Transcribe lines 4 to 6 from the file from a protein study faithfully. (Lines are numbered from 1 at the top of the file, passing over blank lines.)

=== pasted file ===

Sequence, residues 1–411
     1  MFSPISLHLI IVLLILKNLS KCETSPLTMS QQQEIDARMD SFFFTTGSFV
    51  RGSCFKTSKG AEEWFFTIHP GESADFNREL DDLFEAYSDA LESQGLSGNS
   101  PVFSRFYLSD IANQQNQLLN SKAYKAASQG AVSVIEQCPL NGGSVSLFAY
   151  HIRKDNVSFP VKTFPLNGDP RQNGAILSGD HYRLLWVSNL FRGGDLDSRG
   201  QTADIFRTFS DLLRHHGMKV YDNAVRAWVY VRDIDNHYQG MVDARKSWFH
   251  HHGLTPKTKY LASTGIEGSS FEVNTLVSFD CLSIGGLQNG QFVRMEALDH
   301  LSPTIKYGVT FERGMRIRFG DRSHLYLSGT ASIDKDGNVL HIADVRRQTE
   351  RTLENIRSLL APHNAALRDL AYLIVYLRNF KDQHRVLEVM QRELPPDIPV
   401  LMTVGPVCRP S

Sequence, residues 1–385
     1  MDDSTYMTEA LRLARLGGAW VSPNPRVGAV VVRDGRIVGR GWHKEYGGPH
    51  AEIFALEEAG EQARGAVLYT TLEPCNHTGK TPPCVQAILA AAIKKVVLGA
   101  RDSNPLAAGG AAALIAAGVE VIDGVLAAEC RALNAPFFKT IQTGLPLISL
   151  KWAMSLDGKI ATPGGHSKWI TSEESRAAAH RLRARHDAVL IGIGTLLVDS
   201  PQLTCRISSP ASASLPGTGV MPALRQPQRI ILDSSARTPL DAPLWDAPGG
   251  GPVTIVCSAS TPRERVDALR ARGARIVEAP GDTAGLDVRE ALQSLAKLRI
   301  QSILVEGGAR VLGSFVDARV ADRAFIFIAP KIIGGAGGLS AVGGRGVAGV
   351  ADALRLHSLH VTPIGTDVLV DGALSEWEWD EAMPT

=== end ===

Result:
   101  PVFSRFYLSD IANQQNQLLN SKAYKAASQG AVSVIEQCPL NGGSVSLFAY
   151  HIRKDNVSFP VKTFPLNGDP RQNGAILSGD HYRLLWVSNL FRGGDLDSRG
   201  QTADIFRTFS DLLRHHGMKV YDNAVRAWVY VRDIDNHYQG MVDARKSWFH